To further assess the instrument’s construct validity, intervention studies with a quasi-experimental design and pre- and post-tests to further test the framework’s efficiency for promoting historical contextualization are needed. The use of other methods to assess teacher factors, such as student questionnaires and teachers’ self-reports on historical contextualization, could also provide important insights into the instrument’s construct validity (e.g., Kyriakides 2008; Muijs 2006). Additionally, Rasch modeling could provide information on the instrument’s reliability, which items history teachers find more difficult to perform and which items they consider easier to perform (e.g., Fischer and Molenaar 1995; Maulana et al. 2014; Van de Grift et al. 2014).

In conclusion, Ball and Forzani (2009) noted that current teacher education programs are often centered on teachers’ beliefs and knowledge and argued that teacher education programs should mainly focus on the task and activities of teaching. They concluded that far more research is needed to gain insight into the tasks and activities of teaching across different subjects. We hope that our instrument can contribute to further insights into teachers’ subject-specific activities for the teaching and learning of historical contextualization. Our instrument is not designed to assess history teachers; rather, it should function as a tool used to improve history instruction. Marriott (2001) noted that “Teachers seldom have a clear idea about their strengths and weaknesses. This is often because they have not been systematically observed and constructively debriefed” (p. 6). History teachers could observe each other using the instrument, discuss their lessons and findings, and collaboratively design new lessons with the instrument as framework, which might result in a giant step forward in the teaching and learning of history.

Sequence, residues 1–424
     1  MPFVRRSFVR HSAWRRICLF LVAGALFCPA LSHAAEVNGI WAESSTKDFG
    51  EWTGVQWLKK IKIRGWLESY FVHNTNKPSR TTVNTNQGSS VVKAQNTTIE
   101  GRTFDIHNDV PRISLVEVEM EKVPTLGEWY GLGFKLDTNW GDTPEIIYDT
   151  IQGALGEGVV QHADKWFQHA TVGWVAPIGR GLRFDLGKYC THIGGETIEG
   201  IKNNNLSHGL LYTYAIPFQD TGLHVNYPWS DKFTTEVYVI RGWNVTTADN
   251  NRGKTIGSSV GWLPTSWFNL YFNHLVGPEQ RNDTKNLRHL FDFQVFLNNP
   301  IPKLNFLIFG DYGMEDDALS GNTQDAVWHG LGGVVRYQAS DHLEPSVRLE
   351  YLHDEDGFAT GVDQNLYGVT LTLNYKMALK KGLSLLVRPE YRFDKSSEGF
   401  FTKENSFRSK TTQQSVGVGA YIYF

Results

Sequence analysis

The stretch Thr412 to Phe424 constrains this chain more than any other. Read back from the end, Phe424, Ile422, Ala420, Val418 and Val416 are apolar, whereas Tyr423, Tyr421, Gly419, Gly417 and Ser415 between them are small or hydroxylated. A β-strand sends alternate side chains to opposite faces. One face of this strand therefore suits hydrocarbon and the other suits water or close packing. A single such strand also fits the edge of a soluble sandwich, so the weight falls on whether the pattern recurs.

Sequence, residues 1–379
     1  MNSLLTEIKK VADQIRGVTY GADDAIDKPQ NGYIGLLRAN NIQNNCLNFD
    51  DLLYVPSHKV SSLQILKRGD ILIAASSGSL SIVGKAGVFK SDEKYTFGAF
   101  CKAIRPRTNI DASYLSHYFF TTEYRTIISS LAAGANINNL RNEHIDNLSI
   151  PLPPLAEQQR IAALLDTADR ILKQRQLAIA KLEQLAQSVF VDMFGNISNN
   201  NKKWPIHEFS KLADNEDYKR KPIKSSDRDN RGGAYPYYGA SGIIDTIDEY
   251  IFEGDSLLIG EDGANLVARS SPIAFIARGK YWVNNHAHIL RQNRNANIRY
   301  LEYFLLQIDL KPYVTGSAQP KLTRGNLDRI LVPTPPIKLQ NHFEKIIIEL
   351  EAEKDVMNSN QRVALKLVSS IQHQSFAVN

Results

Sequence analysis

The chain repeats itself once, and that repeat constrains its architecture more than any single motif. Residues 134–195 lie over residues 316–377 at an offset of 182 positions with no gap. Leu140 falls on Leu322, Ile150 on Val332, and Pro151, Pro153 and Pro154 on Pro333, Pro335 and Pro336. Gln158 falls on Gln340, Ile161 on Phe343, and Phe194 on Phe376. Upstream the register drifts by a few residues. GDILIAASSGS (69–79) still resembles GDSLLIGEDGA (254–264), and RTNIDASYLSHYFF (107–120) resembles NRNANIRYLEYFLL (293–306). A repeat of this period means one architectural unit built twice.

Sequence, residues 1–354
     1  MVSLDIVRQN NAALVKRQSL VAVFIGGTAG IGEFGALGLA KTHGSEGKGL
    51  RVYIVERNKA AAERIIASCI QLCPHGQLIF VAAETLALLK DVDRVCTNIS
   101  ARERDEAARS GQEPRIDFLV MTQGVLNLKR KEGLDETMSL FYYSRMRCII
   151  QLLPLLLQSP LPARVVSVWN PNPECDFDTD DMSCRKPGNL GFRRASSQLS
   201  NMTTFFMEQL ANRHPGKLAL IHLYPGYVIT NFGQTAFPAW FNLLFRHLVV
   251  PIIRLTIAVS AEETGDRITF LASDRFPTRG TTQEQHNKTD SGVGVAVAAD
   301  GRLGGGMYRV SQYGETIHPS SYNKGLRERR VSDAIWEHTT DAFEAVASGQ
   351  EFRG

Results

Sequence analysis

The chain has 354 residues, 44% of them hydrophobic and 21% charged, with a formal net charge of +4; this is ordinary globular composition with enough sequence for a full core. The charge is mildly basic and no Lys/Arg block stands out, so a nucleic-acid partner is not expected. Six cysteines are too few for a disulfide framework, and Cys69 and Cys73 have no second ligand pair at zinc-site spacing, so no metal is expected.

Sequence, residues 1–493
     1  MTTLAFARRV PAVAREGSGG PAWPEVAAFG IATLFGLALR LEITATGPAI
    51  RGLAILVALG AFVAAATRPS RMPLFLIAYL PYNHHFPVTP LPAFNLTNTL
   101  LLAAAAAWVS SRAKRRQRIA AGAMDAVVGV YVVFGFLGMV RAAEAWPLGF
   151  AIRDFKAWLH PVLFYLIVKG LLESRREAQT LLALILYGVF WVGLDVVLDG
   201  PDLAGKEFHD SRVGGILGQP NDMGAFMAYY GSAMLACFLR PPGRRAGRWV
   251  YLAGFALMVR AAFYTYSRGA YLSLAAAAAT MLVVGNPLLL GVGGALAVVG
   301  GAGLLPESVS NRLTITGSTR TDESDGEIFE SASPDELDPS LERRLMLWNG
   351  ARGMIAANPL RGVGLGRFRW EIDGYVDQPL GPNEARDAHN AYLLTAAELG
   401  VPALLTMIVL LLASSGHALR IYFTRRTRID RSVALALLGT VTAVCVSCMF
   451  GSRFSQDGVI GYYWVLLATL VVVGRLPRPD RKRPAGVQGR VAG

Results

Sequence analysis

Acknowledgments

The authors wish to thank the reviewers for their valuable comments and Rikkert van der Lans for his research assistance.

Compliance with ethical standards

Funding

This work was funded by The Netherlands Organization for Scientific Research (NWO) under Grant Number 023.001.104.

Copyright information

© The Author(s) 2016

Open Access This article is distributed under the terms of the Creative Commons Attribution 4.0 International License (http://creativecommons.org/licenses/by/4.0/), which permits unrestricted use, distribution, and reproduction in any medium, provided you give appropriate credit to the original author(s) and the source, provide a link to the Creative Commons license, and indicate if changes were made.

Authors and Affiliations

  • Tim Huijgen
    • 1
  • Wim van de Grift
    • 1
  • Carla van Boxtel
    • 2
  • Paul Holthuis
    • 1
  1. 1.Department of Teacher Education, Faculty of Behavioural and Social SciencesUniversity of GroningenGroningenThe Netherlands
  2. 2.Research Institute of Child Development and Education and Amsterdam School of Historical StudiesUniversity of AmsterdamAmsterdamThe Netherlands